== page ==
It's been Wayne's world this week, but buried in the midst of it was yet another commanding display of passion, poise and imagination from the best young footballer in the country.
Jack Wilshere's performance against Shakhtar Donetsk was nothing short of sensational. His movement, passing and intuitive reading of the game belied his 18 years, and consolidated the belief he can rise to the very pinnacle of the game.
It was Wilshere's second dominant showing in four days at the Emirates. Against Birmingham his tiny frame conducted the midfield warfare, only for a crazy late lunge to steal the headlines.
Arsenal's Player of the Month for September was still treated to a eulogy from Arsene Wenger afterwards, who called him "the complete player" and dismissed the sending off as a "one-off" from "one of the best players on the pitch."
There was even the suggestion from some quarters than Wilshere's red card carried a positive message for Arsenal. Wenger's team have been accused of being too soft for too long, and the presence of an ultra-competitive tackler in the middle of the park could be the final piece in the puzzle.
Could Wilshere be the next Patrick Vieira? It seems a laughable suggestion in stature, but in influence it's looking increasingly plausible.
Wenger was at the Wilshere Alter again on Tuesday night. "His maturity is light years ahead of his age; that's a sign of talent," he said after watching his latest prodigy score his first Champions League goal in a 5-1 romp.
Wilshere is clearly relishing the Champions League stage this season, having also been highly influential in a 3-1 win at Partizan Belgrade at the end of last month. That game saw a backheel assist for Andrei Arshavin that perfectly illustrated Wilshere's instinct and 'feel' for the game.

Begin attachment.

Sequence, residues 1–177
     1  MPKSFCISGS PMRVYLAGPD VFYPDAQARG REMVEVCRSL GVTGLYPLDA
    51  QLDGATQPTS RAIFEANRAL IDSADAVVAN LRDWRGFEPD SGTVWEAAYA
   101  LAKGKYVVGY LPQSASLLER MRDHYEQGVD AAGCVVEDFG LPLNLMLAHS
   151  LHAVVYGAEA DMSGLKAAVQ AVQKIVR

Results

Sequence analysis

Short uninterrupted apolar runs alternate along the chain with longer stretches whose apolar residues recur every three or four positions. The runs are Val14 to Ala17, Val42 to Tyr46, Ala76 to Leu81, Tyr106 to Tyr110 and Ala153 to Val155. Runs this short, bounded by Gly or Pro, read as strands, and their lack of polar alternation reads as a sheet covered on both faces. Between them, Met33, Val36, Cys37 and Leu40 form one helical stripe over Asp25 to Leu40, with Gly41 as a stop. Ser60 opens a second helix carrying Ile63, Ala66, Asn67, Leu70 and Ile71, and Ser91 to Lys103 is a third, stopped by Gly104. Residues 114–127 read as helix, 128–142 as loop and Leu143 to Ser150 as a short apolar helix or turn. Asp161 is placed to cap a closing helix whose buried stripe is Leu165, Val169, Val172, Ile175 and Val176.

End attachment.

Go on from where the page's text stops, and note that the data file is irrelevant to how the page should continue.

The comparisons with Paul Scholes are obvious. Both are diminutive in stature, and both possess that unfathomable ability to create space and time when they have the ball. And in footballing parlance, both have clearly "got a pass".
It doesn't stop there. James Lawton of The Independent believes Wilshere's "authority" and "confidence" is comparable to that shown by Bobby Charlton, Alan Ball, Bobby Moore and Michael Owen at a similar age.
Wenger has compared Wilshere's balance and change of direction to Arsenal legend Liam Brady, who responded by saying the comparison flattered him - and not the "special" talent following in his footsteps.
So good is Wilshere that Arsenal fans are probably already worried he'll leave them.
And sooner rather than later, one of England's staple midfielders will surely have to step aside to allow the flag bearer for a new generation to take his rightful place. Like Rooney before him, Wilshere will carry the hopes of a nation. And stand or fall on whether he delivers.
At Old Trafford they used to call Rooney the English Pele. Does that make Wilshere the English Maradona?